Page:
Photographed above are Rice University postdoctoral researcher Xingcheng Lin and Professor Jos√© Onuchic
There's a hitch in the swing of a protein that delivers the flu virus. Rice University and Baylor College of Medicine researchers believe this mechanism may be a useful target to stop the virus from infecting cells.
B-loop Transition in the CST-accelerated all-atom simulation
A Rice University simulation of one domain in the hemagglutinin glycoprotein that helps viruses invade cells shows part of its mechanism. This short segment illustrates the dynamic reconfiguration as the protein searches for the proper path to refold. The complete simulation that accounts for every atom in the HA2 domain and the surrounding water took two years of computer time to complete.
Video by Xingcheng Lin
In a paper in the Proceedings of the National Academy of Sciences, the Rice-Baylor team led by biophysicist Jos√© Onuchic and biochemists Jianpeng Ma and Qinghua Wang delves further into a glycoprotein complex it began to define in a 2014 paper.
That protein, hemagglutinin, sits on the surface of flu viruses and helps them attach to and transport through the protective membranes of target cells.
The paper begins to define the mechanism that allows the protein to unfold and refold in a snap, changing its form to expose a peptide that attaches the virus to a cell and begins infection. The researchers believe therapeutic drugs can use this mechanism to shut the virus down.
"This protein starts in a folded state and goes through a global transformation, refolding in a completely different state," said Onuchic, co-director of Rice's Center for Theoretical Biological Physics (CTBP). "But there's a small part in the center that evolution has conserved."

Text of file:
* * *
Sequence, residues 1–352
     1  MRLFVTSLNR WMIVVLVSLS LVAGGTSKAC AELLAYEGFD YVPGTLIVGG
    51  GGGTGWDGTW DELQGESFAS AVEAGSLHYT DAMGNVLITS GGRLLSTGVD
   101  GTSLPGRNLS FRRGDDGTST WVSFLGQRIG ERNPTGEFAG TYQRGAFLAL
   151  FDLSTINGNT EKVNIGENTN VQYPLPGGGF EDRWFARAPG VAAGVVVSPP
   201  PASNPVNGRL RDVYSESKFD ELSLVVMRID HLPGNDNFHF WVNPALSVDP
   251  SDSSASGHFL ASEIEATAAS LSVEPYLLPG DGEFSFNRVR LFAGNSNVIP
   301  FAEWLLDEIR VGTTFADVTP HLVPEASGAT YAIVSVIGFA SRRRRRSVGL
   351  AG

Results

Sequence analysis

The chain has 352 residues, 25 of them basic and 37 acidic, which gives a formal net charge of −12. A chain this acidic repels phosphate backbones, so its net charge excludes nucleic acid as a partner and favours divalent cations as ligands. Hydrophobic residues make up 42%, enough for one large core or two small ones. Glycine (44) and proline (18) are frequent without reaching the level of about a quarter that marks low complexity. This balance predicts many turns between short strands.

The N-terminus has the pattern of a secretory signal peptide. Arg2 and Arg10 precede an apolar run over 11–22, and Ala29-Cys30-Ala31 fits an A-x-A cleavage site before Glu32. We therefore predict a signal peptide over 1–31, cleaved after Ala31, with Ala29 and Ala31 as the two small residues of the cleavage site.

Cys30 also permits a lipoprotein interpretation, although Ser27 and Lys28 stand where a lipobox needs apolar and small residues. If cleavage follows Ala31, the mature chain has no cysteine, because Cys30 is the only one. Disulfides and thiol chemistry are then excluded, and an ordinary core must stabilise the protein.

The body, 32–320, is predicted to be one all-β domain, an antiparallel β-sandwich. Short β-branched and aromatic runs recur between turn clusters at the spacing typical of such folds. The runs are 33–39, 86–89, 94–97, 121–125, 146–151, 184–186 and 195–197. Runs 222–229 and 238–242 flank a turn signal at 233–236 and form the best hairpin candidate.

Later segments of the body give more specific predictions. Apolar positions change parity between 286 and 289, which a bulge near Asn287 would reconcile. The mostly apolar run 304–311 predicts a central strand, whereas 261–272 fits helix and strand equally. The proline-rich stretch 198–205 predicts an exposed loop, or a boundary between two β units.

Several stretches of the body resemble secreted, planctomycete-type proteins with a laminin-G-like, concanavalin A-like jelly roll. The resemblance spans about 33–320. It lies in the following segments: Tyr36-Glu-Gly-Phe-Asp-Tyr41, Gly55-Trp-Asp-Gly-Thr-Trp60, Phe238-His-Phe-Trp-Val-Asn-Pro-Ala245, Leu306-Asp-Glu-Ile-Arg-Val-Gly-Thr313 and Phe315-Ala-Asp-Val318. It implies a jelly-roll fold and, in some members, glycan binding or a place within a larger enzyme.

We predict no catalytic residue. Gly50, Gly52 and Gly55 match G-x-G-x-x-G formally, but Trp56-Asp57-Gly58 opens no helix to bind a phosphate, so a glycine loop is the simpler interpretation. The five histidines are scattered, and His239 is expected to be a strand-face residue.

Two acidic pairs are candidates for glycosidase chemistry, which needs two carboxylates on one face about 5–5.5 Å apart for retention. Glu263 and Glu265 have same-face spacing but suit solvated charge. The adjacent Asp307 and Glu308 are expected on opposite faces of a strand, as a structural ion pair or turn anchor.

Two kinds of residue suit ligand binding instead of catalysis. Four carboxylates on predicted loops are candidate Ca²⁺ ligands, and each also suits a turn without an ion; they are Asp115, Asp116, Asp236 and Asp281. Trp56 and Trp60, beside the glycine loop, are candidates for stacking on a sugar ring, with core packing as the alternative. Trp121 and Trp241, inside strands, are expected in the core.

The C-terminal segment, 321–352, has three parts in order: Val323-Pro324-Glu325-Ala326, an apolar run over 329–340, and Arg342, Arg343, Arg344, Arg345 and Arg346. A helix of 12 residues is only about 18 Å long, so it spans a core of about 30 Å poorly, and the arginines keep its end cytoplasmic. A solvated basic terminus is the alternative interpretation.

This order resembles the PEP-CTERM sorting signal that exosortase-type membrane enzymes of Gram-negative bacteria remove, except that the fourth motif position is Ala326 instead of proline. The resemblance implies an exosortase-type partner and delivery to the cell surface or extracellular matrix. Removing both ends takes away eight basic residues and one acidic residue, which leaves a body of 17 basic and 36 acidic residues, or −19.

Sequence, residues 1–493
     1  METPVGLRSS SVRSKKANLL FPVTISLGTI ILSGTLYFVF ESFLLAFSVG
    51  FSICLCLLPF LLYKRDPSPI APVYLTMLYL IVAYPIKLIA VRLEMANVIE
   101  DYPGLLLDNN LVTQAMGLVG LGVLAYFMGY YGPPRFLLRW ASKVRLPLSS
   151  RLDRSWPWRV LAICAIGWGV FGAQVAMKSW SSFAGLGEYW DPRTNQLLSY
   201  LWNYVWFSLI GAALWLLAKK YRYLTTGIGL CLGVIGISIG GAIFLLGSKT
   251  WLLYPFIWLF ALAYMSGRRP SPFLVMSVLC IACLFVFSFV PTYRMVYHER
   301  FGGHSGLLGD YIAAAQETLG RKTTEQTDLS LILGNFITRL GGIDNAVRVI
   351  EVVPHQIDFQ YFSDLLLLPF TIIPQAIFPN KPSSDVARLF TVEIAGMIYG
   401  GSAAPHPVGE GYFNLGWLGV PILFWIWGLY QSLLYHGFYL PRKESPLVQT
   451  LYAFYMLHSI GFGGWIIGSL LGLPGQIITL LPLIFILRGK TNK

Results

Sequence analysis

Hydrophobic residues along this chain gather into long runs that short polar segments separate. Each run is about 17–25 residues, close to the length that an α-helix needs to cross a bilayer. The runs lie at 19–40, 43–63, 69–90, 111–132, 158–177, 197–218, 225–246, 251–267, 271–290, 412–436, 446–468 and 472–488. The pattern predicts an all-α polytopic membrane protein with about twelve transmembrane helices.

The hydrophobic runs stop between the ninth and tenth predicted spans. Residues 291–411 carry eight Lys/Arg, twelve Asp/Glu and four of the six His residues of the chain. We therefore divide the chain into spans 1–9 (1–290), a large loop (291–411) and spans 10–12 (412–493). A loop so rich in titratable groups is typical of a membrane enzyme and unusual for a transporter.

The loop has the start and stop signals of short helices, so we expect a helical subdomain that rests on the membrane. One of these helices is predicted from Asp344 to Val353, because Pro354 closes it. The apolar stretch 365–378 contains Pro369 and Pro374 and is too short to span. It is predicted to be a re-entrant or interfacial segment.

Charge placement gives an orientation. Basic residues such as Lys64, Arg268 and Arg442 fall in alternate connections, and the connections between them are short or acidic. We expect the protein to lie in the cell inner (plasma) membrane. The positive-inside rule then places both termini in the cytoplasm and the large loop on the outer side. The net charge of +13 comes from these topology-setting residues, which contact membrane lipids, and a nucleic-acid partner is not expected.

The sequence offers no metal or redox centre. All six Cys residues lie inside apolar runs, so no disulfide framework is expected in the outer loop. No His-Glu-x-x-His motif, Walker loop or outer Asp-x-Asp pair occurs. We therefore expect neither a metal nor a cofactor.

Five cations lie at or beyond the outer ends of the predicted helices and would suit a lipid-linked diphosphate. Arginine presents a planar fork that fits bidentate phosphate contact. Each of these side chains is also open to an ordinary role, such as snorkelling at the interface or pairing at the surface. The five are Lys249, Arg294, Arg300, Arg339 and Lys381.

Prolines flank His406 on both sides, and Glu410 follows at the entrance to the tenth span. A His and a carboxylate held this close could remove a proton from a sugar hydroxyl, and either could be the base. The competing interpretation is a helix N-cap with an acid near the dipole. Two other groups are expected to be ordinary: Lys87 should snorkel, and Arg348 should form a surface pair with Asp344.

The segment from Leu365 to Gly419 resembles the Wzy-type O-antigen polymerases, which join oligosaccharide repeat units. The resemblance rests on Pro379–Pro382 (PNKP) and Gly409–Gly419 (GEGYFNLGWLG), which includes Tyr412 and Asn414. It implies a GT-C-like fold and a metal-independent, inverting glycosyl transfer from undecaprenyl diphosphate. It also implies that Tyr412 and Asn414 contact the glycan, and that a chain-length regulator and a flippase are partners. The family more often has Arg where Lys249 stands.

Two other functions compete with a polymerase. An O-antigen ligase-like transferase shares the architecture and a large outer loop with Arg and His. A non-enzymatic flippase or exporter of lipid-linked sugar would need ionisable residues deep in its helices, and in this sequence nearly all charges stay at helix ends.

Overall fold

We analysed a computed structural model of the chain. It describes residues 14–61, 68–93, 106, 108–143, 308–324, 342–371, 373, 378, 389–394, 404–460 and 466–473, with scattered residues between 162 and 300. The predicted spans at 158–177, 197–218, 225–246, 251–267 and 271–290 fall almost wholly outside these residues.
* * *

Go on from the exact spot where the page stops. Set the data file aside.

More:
|Hemagglutinin's stem domain unfolds and refolds|
Rice University and Baylor College of Medicine researchers used computer simulations to study the process by which hemagglutinin helps viruses invade and infect cells. The researchers believe the protein's stem domain unfolds and refolds into a different configuration when triggered, but pauses to release a hidden fusion peptide that binds the virus to the target cell. Image by Xingcheng Lin
That single conserved amino acid residue is the hitch that makes the protein pause in the process of refolding. It allows a fusion peptide buried inside to bind to the target cell and begin infecting it. Without the pause, the refolding would be too quick for binding to take place.
An evolutionary conserved residue known as Thr59 disrupts the repeating pattern formed by a trimeric protein as it refolds while helping a flu virus infect a cell. Researchers at Rice University and Baylor College of Medicine used a complex computer simulation to study the mechanism and look for new targets for drugs to stop the flu. Image by Xingcheng Lin